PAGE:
Ret enzyme may be a novel therapeutic target in selected groups of breast cancer patients

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Scientists at the MedUni Vienna, in collaboration with a working group led by Nancy Hynes at the University of Basel, have discovered a new approach in the treatment of breast cancer: an international team involving the Clinical Institute of Pathology at the MedUni Vienna has been able to demonstrate the activation of a receptor, the Ret protein (Rearranged during transfection), on the surface of breast cancer cells. Increased levels of this protein are associated with a lower likelihood of survival for breast cancer patients.

"Our results reveal that the Ret enzyme (Ret kinase) may be an attractive and novel therapeutic target in selected groups of breast cancer patients," says Lukas Kenner from the Clinical Institute of Pathology at the MedUni Vienna and Head of the Vienna team, summarising the results of the study that have now been published in the magazine "EMBO Molecular Medicine".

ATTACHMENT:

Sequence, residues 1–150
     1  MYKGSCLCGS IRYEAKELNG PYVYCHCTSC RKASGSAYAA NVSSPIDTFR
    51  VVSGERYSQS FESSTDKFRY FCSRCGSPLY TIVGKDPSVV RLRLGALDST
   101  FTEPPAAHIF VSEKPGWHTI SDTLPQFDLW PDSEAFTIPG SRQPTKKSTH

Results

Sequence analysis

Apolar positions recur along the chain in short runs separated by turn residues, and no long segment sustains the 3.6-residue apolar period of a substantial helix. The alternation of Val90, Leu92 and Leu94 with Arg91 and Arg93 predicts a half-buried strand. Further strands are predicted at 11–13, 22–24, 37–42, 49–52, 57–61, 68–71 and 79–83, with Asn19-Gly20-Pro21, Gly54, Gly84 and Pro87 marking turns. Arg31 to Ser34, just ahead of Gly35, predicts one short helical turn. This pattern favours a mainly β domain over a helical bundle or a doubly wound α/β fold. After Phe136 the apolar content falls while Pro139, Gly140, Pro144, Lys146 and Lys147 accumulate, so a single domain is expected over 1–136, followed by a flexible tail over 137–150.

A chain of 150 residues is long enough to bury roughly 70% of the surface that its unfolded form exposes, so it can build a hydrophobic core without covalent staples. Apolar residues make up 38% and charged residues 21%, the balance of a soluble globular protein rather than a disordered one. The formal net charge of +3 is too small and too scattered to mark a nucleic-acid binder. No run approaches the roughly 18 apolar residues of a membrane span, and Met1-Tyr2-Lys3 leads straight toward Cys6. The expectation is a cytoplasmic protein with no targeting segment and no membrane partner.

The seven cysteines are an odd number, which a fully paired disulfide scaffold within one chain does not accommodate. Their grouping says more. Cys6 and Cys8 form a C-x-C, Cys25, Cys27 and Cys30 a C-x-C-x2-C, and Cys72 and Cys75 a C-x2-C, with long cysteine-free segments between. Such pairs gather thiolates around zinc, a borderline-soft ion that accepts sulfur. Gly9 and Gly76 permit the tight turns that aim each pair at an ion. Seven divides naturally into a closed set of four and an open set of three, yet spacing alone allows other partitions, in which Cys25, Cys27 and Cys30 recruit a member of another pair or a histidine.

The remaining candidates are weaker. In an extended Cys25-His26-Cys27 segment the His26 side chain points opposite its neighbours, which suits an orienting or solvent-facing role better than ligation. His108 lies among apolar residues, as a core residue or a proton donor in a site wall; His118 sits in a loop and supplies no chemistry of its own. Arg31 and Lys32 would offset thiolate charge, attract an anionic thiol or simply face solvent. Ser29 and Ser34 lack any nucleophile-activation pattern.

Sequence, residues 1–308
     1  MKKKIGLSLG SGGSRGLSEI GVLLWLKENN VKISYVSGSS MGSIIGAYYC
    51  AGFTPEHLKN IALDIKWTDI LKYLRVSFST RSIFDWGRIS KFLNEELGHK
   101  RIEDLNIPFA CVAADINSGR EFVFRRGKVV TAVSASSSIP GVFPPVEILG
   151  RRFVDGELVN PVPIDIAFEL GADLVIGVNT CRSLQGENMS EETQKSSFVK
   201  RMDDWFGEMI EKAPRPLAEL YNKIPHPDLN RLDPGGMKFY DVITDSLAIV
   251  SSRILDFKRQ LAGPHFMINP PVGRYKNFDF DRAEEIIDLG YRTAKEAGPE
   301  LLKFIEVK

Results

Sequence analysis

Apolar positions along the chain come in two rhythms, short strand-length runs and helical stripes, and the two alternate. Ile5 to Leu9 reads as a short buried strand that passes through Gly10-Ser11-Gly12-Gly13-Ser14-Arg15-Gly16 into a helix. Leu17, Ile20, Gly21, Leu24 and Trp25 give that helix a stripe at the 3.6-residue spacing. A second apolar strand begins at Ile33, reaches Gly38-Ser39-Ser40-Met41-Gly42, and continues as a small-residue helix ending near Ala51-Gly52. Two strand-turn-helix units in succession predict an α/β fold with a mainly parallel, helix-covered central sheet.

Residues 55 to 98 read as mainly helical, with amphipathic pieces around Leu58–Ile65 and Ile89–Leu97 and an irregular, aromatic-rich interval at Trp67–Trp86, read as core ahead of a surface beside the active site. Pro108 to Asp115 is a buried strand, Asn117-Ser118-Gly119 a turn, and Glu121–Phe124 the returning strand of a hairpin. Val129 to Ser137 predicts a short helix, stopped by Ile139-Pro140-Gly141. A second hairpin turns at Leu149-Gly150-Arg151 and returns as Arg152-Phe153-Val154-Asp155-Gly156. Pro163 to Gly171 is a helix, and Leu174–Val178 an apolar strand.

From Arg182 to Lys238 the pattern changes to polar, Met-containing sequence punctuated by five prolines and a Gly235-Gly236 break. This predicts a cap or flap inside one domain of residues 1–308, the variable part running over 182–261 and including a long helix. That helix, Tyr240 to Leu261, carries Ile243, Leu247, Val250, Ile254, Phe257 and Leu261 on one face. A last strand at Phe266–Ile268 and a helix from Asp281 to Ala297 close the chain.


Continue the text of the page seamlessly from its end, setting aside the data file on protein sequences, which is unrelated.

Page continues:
Initial trials with specific Ret inhibitors have shown that the spread of cancer and the number of metastases in the lungs can be reduced if the activity of the Ret enzymes in tumour cells is blocked. The tests so far have used two blocking substances that are already known.

Blockade of the Ret enzyme reduces tumour growth

The scientists investigated tumour tissue from more than 80 breast cancer patients, using antibodies to quantify the Ret protein in the samples. In other experiments, four different cancer cell lines were used to investigate the effect of Ret inhibitors on the progression and spread of breast cancer. Says Kenner: "Our results show that blocking Ret kinase can reduce the growth and spread of tumours within the body and therefore could well represent a promising new treatment."

Blocking receptor enzymes with antibodies or low molecular weight inhibitors is an approach that has already been tried in clinical practice as treatment for cancer. However only a proportion of patients is eligible for this type of treatment. "As a result, more efforts are needed to find additional inhibitors that can block breast cancer", says Kenner.

Source: http://www.meduniwien.ac.at

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